Asian Food Encounters of the Third Kind

A reader commented on last week’s post that he buys coconut water by the case at an Oriental market.  Since buying in quantity often brings a price discount, I decided to check if my Oriental market has coconut water by the case.

Since the market is on the other side of town, I don’t visit it just to browse.  I only visit it when I need to buy something.  Conveniently, I did need to replenish my supply of rice and soy sauce.  These important staples of my diet cannot be left to the mundane and limited offerings of my local grocery!

At the market, I headed straight to the beverages section.  I was pleased to find four types of coconut water by the case, including a “roasted coconut” variety.  (I lived in the Philippines for 18 years and I never heard of roasted coconut.)  But, all these cases were still almost a dollar a can.  The Sunchy brand with pulp at my grocery for 69 cents a can is still a better deal.  So no coconut water.

The coconut water was next to the frozen food section so I checked it out.  I was surprised to find about six varieties of Magnolia ice cream in 1.5 quart containers.  Magnolia was the only ice cream I ate while growing up.

In those days, they delivered to the house and we always bought a tin (or maybe it was aluminum) can about a foot high and six inches in diameter.  That was probably a gallon of ice cream.  I had no siblings and the parents didn’t eat much ice cream so I was the principal consumer.  All that ice cream would be gone within two weeks.  Rocky Road was my favorite flavor but I also enjoyed the “local” fruit varieties, such as macapuno (coconut), nangka (jackfruit) and ube (a purple yam).

That's what I'm talking about!

That’s what I’m talking about!

But returning to the ice cream of my youth would not be cheap.  That 1.5 quart container was $9.  Maybe next Lent… . 😉

I also came across some “siopao” which is Chinese but widely popular in the Philippines.  This is a steamed bun made from rice flour with a filling in the center. Pork is a popular filling.  Siopao is very convenient as a quick snack or lunch and is probably the Philippine equivalent of a hamburger.  I postponed a purchase until I have more room in my freezer.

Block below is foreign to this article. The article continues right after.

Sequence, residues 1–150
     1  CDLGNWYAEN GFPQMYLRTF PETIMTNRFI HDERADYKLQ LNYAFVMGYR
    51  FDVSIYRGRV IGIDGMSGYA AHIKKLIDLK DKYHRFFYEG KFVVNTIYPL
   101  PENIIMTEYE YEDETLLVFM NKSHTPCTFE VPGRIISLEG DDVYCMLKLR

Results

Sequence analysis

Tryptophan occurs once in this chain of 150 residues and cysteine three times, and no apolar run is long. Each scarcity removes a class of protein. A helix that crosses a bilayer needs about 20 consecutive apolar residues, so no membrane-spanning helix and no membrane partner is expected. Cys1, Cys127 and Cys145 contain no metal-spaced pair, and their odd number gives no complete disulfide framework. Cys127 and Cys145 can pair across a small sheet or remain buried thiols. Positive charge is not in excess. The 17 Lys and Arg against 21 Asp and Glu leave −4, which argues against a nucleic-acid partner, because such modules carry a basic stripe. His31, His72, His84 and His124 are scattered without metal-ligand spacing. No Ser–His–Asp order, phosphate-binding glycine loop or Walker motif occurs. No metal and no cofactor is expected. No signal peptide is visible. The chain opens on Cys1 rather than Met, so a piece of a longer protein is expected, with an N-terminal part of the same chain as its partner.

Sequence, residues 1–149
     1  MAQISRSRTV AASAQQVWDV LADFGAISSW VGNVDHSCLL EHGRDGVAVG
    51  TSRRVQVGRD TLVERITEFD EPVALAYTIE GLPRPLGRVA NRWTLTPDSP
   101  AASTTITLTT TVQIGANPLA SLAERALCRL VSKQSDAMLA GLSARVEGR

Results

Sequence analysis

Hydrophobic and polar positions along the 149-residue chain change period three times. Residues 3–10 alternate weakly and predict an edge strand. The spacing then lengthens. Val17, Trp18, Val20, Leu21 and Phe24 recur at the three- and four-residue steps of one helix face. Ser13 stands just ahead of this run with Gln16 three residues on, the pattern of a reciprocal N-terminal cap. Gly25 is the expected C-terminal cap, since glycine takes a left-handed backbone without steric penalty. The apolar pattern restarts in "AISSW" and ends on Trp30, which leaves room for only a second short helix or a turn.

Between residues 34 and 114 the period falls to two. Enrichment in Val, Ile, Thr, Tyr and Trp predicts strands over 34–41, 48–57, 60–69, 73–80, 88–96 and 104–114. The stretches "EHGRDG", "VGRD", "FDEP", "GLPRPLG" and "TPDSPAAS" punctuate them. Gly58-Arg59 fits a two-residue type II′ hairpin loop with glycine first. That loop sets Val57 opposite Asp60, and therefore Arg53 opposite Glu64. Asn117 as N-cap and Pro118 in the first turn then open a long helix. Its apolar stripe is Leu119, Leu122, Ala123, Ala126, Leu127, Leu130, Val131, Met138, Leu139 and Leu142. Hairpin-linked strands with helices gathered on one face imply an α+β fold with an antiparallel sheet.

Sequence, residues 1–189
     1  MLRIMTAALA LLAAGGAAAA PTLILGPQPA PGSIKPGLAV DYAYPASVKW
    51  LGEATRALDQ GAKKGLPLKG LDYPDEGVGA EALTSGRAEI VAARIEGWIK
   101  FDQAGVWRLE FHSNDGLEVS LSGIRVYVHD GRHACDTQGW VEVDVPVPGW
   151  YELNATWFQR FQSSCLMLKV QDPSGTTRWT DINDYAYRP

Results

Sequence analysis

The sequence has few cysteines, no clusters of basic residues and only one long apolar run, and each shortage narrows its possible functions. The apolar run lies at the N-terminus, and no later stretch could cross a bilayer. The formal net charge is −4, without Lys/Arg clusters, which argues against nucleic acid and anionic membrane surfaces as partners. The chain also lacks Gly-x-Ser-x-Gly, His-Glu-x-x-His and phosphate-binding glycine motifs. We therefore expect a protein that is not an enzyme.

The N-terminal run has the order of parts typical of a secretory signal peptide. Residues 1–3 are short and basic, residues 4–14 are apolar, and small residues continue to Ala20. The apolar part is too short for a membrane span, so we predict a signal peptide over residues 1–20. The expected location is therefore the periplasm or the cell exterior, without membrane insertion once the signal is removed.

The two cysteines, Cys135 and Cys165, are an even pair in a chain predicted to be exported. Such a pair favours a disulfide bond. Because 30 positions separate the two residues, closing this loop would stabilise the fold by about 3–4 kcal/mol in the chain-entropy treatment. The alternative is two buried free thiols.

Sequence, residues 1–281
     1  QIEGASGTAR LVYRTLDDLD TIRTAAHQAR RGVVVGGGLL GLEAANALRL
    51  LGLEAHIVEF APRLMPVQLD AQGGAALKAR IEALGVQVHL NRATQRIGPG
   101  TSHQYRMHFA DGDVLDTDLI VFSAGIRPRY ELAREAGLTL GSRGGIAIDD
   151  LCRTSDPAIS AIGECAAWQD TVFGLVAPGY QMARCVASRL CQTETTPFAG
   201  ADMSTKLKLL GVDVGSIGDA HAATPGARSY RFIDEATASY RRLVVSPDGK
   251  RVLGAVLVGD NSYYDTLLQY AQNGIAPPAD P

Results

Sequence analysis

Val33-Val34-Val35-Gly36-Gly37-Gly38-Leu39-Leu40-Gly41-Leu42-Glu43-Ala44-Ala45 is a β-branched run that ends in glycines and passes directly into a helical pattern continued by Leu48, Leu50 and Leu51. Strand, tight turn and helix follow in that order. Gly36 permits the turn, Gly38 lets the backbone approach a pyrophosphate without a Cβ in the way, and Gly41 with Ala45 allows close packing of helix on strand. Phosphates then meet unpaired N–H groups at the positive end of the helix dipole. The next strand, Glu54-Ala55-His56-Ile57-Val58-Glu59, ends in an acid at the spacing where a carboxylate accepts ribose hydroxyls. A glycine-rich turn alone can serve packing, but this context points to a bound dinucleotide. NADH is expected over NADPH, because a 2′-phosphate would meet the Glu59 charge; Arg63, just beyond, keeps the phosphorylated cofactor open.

My attention then turning to buying some rice.  I grew up eating rice almost every day.  I still eat rice almost every day because it goes with so many foods. Pork? Rice.  Chicken? Rice.  Fish? Rice.  Beans? Rice.  Green mango? Rice.

When it comes to rice, I’m not going to “settle” for the ordinary rice you find in the grocery.  I alternate between Jasmine and Basmati rice.  Since my last purchase was Jasmine, I went with Basmati.  A 20-pound bag of Royal brand Basmati was $19.  And the burlap bag can be used as a tote bag to inform knowledgeable rice gourmets that you’re eating at the top of the rice hierarchy.

The King of rice

The King of rice

Finally, there was soy sauce. Like rice, it is a good accompaniment to most foods.  If the entree doesn’t have a sauce to top the rice with, then soy sauce does the job.

I like my soy sauce low in sodium and without preservatives.  Fortunately, the Oriental market stocks an intimidating variety of soy sauces in sizes up to a gallon.

I chose a quart size bottle of Kim Ve Wong (Taiwanese) for $5.  No preservatives and “only” 560 milligrams of sodium compared to the 800-1,200 milligrams that is typical of soy sauce.  Kikkoman Lite soy sauce has about the same amount of sodium, but 2 quarts of it at Amazon is $14.  (Math wizards have calculated that the Kim Ve Wong is about 30% cheaper than Kikkoman.)

And, Kikkoman is Japanese.  Think that soy sauce is soy sauce? Think again….

Knowledge is power.  You are now empowered to walk into an Asian grocery store and impress your friends!


2 responses to “Asian Food Encounters of the Third Kind

  1. I know that market. I go there to buy Kim Chee. And I don’t recognize 99.9% of the merchandise. Now I know a little more, so thanks!

  2. Well it’s too bad they did not discount the coconut water case price but Tallahassee is often a unique market. Tampa is much more competitive. I remember that the discounted price was about 18% lower than the Publix shelf price per can on the same can. There were cheaper brands at Publix I just didn’t care for them.

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